War Surgery and Medicine
In a study of psychoneurosis cases treated in 2 NZEF in 1942 and 1943, Major Caughey stated that the symptoms shown by men differed, some showing acute symptoms with or without terror, with reactions of panic or stupor. Others showed various forms of psychosomatic disorders with or without depression. The signs might be referable to the cardio-vascular, the gastro-intestinal, the visual, the cerebral, nervous or motor systems, or to two or more of these systems. Generalised signs might be slight proptosis, fine tremors of the outstretched hands, sweating of the hands and feet, loss of weight, anorexia, restlessness, tachycardia, diarrhoea, frequency of micturition and insomnia. It was very common to find a state of reactive depression, superimposed on a state of anxiety, often the result of insomnia. When sleeping these patients were often disturbed by anxiety dreams such as battle dreams. Gastric symptoms were very common, with loss of appetite and sometimes vomiting. The cardiac type previously called effort syndrome showed shortness of breath, fatigue, palpitation, left mammary pain, giddiness, and headache. The symptoms following head injury, such as persistent headache, dizziness, lack of concentration, visual fatigue and depression, formerly thought to be the sequelae of concussion, were now believed to be entirely due to neurosis.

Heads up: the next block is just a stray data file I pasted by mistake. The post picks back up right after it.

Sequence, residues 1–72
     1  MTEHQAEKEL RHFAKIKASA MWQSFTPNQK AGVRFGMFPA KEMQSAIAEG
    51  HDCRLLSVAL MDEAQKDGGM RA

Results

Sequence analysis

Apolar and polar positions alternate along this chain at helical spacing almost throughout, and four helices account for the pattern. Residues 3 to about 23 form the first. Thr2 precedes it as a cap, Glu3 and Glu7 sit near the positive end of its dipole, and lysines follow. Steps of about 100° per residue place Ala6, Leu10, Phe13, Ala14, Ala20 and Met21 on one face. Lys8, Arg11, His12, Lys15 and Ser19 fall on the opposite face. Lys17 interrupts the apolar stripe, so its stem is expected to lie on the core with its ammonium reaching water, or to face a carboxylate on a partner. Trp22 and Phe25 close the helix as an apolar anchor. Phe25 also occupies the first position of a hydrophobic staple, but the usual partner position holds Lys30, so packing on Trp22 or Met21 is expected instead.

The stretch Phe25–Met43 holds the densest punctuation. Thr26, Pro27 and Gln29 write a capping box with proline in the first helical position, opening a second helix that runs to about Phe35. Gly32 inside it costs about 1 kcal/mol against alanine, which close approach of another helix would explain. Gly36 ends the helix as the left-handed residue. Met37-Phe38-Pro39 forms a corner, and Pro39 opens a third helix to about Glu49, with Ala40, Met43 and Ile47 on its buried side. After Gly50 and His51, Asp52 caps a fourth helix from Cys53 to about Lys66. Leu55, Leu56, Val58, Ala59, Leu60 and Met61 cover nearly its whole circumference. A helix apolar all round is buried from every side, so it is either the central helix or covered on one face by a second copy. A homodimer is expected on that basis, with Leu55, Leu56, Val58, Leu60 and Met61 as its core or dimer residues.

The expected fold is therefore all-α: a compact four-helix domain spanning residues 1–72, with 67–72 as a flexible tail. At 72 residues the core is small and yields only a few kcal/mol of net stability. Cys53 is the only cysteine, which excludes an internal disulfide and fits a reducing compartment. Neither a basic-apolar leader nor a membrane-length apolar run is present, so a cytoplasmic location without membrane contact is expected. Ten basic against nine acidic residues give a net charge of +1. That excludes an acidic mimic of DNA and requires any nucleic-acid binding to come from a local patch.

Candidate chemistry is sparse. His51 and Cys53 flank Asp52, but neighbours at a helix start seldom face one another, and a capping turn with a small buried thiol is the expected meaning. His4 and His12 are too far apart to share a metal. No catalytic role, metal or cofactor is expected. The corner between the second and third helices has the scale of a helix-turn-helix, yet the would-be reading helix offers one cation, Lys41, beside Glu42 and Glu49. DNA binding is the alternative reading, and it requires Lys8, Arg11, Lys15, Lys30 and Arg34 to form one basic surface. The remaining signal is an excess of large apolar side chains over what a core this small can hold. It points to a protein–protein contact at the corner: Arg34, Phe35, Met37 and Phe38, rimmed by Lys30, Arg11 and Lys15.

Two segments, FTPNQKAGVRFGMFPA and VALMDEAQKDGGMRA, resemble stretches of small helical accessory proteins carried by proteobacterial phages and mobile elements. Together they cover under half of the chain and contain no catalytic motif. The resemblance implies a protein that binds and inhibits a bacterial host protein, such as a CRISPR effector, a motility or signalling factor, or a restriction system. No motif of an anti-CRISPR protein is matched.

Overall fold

Lieutenant-Colonel Caughey, at 2 NZ General Hospital at Caserta in 1944, carried out investigations, using Raven's Matrices test, as page 639 to the relation between intelligence and neurosis. Grades of intelligence in a neurotic group were found to correspond substantially with the grades in a non-neurotic group, but in the neurotic group there were more below-average persons, a number of above-average persons, and fewer persons of average intelligence.